In Pallavi and Anupallavi, the varnam concentrates on the patent gamakas and Tattu karams of a raga. Pallavi includes many Dirga (long) svaras which give scope for expressive gamakas and are used to profuse Jeeva svaras of the raga (most important svaras, which give the raga special flavor, such as Amsa svara). Pallavi dwells in Madhya sthayi, outlines the most characteristic phrase of the raga, and progressed forward slowly, developing the introductory theme of the song. Pallavi is like an embryo of the composition.

In Anupallavi musical theme of the song is developed thus to cover Madhya and rise up to Tara sthayi, which gives impression of higher emotional intensity.

In Pada varnam, each line of Pallavi and Anupallavi is repeated many times, using different Sangatis (pre-composed variations of melodic phrase). Last repetition includes Sancari (free or improvised variation). In Sancari, melody takes more freedom and Niraval (free, improvised variation) can be employed by the vocalist. The picture below demonstrates variation given in Pallavi of Pada varnam in Dhanyasi raga.

Purvaranga of Dhanyasi varnam "E Maguva"

At this stage of the varnam, complex rhythmic patterns are introduced not in the melody, but in form of Jathis, to which Suddha Nritta is performed. Innovations in rhythm inside the melody usually begin towards the end of Muktayi svara.

Muktayi svara is like an epitome, a miniature of Pallavi and Anupallavi. Rhythm changes in Muktayi svara. After slow movements of Pallavi and Anupallavi, the gait of Muktayi svara conveys the feeling of motion. There are more Sarva laghu phrases (sequence of "short" notes, each note one matra long). The first avartana weaves patterns in Madhya sthayi. Second avartana usually covers Tara sthayi and lowers back, down to Mandra sthayi (this depends upon raga character). Alankaras such as Yathi sequences (i.e. groups of svaras arranged in geometrically planned patterns, like 3-4-5 or 5-4-3 or 5-4-3-4-5, etc.), Datu (jumping over some characteristic harmonic interval, usually from one samvadi svara to another, for example, Ma-Da in Kalyani) and Janta (doubled svaras, like SS-RR-GG) notes are used in Muktayi svara.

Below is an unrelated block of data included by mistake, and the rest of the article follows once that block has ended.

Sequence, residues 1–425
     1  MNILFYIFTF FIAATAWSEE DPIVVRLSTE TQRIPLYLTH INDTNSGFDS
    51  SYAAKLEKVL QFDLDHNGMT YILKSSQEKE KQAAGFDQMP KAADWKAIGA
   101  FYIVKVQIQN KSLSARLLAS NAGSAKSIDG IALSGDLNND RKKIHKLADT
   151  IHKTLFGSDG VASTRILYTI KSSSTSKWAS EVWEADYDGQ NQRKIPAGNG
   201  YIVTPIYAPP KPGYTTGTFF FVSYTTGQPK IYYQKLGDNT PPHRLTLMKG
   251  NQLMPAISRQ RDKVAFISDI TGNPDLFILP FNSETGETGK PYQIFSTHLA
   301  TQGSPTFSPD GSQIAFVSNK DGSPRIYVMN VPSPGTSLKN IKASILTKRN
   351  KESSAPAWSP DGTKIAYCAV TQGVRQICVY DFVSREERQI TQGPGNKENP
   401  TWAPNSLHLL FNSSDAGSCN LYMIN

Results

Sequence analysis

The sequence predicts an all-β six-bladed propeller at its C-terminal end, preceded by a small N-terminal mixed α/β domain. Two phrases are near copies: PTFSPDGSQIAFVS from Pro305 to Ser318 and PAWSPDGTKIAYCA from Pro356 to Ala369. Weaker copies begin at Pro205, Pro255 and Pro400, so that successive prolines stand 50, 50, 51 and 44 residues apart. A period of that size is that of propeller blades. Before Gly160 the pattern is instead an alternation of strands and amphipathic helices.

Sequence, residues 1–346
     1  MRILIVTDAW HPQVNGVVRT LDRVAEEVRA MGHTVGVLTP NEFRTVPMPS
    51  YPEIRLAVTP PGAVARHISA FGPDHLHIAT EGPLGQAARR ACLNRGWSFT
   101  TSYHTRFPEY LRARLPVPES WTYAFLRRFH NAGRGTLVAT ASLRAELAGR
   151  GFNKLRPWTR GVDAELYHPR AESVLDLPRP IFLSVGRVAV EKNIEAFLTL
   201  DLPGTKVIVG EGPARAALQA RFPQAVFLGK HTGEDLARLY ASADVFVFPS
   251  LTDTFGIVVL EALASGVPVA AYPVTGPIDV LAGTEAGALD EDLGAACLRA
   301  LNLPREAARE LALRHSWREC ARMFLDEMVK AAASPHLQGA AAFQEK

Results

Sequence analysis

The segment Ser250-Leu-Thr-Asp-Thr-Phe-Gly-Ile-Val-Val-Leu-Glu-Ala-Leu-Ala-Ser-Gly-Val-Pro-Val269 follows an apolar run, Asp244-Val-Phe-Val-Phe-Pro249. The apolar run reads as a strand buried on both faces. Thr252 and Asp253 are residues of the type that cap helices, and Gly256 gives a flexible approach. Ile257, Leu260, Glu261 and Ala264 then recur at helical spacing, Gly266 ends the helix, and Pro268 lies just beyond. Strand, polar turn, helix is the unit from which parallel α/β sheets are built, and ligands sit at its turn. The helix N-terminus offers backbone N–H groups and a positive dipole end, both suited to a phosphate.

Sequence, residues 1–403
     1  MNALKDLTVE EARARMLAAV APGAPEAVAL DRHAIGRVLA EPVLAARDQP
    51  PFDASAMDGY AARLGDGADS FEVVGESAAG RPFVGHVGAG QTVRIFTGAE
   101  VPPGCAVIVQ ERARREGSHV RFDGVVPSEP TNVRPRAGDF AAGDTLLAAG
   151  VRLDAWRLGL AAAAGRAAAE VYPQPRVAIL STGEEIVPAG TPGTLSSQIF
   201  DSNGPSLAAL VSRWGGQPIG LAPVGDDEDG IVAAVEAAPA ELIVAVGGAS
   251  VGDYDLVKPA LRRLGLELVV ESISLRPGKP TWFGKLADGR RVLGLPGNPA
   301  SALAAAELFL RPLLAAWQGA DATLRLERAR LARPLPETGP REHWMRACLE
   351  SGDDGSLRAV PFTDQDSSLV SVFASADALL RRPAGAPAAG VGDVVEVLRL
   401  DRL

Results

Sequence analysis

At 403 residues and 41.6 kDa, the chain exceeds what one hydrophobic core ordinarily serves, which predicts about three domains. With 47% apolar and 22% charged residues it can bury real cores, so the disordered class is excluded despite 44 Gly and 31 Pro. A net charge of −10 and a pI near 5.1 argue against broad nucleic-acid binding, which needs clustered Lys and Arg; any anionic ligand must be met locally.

Very characteristic in this sense is the immortal creation of great Tamil composer, Tiruvottriyur Tyageyyar. His Durbar varnam "Chalame" is the best example of Tana Varna Lakshana, in my humble opinion. This is very good illustration of the cadence nature of Muktayi svara. On the picture below, it is shown how Muktayi svara sums up the patterns envisaged in Pallavi and Anupallavi.

Purvaranga of Durbar Adi tala varnam "Chalame"

Ettugada pallavi opens with Amsa svara (most important note of the raga) and often the first syllable of sahitya has the same sound as the first svara (svaraksara). Hence the Ettugada pallavi is repeated once after each Ettugada svara, the sound of its opening note gets imprinted on the memory and subsequent svara patterns are woven around this Amsa svara as the planets around the Sun. It is customary to sing the second part of varnam a bit faster (in music kutcheris even at 1.5 times the speed of original tempo in which varnam is started.)

Ettugada pallavi contains the main musical theme of the composition. Pada varnam is sahityam oriented composition, and sahityam of Ettugada pallavi contains the message of the heroine, the purpose and meaning of her monologue addressed to hero. Thus, the melody of Ettugada pallavi is vehicle of the call of heroine’s heart.